If you don't have a contact person, there are a variety of options to choose from:

  • Dear Hiring Manager
  • Dear Human Resources Manager
  • Dear Recruiting Team
  • Dear [Company Name] Recruiter; e.g., Dear ABC Company Recruiter
  • Dear [Department Name] Recruiter; e.g., Dear IT Support Recruiter
  • Dear [Department Name] Team; e.g., Dear Product Recruiter
  • Dear Sir or Madam (this is outdated, so avoid if possible)
  • To Whom It May Concern (use if you have no other workable options)

The following greetings aren't appropriate for formal letters or email messages:

  • Good Morning or Afternoon (you don't know when they'll receive the letter or email message)

Start your letter with an appropriate greeting, as listed above.

First Paragraph

After your greeting, begin your first paragraph, which is usually an introduction that lets the reader know who you are and what you are writing about. If you have a mutual acquaintance who referred you to the reader, you should mention them at this time.

Body of Letter

The body of your letter normally consists of a paragraph or two of text. Here, you can elaborate on the theme of your letter and provide supporting details for the subject.

You'll want to keep it concise and pertinent to the person and the topic.

Be thorough but don't repeat yourself or go on and on about unimportant details.

Next, you'll need to sum up your letter. Your summary should include a thank you to the person for his or her time and consideration. If you plan to follow up later, you can also provide the details of when and how you will contact him or her.

Closing Options

Finish your  professional letter with a closing , such as "Sincerely" or "Regards." If you plan on sending the letter by postal service, your signature should be followed by your typed name.

If you're sending an email, your typed name should be followed by your contact information, which you can type in manually or have it done automatically for you. Here's  how to set up an automatic email signature .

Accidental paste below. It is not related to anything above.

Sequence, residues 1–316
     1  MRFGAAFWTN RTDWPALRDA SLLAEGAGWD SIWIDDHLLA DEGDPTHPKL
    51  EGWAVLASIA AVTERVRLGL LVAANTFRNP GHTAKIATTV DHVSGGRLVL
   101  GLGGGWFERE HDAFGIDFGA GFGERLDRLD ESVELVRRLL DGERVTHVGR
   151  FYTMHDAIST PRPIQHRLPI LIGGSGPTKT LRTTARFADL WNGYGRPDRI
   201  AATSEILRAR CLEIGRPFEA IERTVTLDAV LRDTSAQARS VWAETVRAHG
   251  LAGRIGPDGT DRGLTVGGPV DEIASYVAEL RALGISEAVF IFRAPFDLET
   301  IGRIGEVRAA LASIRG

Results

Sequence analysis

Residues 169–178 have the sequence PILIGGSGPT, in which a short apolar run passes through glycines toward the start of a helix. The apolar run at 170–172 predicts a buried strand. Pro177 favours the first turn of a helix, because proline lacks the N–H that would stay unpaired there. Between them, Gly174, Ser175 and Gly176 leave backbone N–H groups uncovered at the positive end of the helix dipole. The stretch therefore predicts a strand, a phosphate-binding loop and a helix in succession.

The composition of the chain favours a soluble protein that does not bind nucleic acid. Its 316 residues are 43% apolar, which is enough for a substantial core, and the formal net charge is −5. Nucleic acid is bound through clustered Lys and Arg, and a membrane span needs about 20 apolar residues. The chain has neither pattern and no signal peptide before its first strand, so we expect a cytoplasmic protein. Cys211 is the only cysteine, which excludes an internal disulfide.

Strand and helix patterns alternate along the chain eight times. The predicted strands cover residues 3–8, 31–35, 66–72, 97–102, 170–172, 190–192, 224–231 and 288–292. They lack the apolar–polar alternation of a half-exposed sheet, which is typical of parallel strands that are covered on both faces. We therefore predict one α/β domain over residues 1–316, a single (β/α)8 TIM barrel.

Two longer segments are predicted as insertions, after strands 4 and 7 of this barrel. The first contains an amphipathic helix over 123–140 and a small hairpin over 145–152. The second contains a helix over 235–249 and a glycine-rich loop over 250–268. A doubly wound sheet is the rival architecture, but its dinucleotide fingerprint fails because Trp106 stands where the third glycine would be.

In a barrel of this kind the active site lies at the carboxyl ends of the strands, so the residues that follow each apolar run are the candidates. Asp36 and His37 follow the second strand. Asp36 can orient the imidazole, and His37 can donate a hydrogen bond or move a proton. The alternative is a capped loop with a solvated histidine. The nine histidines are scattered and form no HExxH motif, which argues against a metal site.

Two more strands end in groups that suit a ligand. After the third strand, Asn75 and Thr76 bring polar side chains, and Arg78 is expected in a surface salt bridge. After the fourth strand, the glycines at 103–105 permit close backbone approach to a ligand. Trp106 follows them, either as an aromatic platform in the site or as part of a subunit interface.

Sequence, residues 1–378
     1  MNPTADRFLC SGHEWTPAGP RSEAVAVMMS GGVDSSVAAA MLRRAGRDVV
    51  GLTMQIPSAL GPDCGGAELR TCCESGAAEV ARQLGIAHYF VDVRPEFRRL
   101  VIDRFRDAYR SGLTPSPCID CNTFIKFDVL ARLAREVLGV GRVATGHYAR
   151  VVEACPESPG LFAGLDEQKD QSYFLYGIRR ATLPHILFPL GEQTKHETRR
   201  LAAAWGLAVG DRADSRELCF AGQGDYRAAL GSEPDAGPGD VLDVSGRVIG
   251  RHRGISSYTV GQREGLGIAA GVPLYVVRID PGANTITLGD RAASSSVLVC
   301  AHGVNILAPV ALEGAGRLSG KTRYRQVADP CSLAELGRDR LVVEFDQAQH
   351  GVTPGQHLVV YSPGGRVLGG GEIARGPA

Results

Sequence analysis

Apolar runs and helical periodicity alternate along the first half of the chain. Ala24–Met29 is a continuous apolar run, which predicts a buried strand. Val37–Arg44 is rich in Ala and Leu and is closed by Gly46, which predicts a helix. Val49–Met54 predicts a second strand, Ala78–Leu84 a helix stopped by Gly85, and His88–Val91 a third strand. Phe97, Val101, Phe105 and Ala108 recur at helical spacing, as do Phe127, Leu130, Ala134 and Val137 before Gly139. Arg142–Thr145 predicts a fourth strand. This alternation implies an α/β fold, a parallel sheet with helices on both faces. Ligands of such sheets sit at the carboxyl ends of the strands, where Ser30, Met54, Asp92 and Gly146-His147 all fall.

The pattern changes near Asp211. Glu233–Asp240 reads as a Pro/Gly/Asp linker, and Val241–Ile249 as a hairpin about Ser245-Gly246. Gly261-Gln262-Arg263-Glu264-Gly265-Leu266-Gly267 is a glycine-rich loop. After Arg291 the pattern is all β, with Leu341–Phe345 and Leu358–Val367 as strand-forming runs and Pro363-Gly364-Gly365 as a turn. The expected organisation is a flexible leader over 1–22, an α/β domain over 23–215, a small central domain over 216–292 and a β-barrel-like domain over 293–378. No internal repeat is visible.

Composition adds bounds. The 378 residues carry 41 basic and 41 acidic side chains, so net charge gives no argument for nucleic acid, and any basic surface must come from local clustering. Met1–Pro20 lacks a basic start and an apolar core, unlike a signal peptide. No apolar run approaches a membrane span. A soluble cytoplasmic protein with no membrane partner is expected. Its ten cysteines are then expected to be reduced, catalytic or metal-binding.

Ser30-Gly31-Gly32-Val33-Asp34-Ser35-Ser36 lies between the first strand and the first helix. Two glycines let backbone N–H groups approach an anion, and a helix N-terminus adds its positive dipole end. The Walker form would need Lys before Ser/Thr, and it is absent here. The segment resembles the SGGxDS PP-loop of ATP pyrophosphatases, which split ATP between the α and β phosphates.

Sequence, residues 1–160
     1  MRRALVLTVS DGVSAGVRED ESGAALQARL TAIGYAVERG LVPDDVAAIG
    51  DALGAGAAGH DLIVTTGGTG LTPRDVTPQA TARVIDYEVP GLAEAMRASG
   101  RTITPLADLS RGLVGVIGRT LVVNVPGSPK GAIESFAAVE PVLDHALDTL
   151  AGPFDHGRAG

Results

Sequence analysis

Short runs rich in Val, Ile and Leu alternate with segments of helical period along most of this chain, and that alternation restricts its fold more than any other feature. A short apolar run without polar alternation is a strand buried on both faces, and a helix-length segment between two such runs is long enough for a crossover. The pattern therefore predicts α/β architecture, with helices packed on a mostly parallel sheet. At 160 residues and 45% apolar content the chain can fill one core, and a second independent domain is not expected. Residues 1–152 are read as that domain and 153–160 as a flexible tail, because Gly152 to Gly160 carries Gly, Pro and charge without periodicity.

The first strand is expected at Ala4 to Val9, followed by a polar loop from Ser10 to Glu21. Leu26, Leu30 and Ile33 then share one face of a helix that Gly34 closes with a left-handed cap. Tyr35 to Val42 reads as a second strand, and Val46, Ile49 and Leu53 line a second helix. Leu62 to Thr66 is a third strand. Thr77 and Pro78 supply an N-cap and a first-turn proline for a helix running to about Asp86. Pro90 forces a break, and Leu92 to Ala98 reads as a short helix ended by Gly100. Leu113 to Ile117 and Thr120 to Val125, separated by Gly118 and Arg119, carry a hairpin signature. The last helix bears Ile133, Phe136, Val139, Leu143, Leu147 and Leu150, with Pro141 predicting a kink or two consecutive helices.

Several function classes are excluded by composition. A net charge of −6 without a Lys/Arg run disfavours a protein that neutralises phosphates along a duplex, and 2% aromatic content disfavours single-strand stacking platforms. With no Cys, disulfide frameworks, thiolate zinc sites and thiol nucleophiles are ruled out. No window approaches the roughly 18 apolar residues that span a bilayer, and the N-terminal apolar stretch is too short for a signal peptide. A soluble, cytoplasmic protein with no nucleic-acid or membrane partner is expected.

Key Takeaways

  • Choose a formal greeting. When you don't know the person you're writing to well, don't use a casual greeting.
  • Try to find a contact person. If you can't find a contact person, it's fine to use a generic greeting.
  • Proofread your letter or email. When you're sending professional correspondence, it's important to carefully proofread your document before you send it.
  • How to Address a Business or Professional Letter
  • Business Letter Salutation Examples
  • Sample Professional Letter Formats
  • How to Introduce Yourself in an Email (With Examples)
  • Email Etiquette Tips for Job Seekers
  • Business Letter Format With Examples
  • Job Interview Thank-You Letter Template
  • Types of Professional Business Letters
  • Sample Sickness Excuse Letters and Emails
  • Sample Absence Excuse Letters and Emails for Work
  • Formal Letter Closing and Signature Examples
  • Professional Letter and Email Examples
  • How to Write and Send Professional Emails
  • Letter and Email Salutations and Greetings
  • Missing Work Excuse Email and Letter Examples
  • Sample Email Message Formats for Job Searching

how to start off a letter essay

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How to Write a Personal Essay for Your College Application

how to start off a letter essay

What does it take to land in the “accept” (instead of “reject”) pile?

How can you write an essay that helps advance you in the eyes of the admissions officers and makes a real impression? Here are some tips to get you started.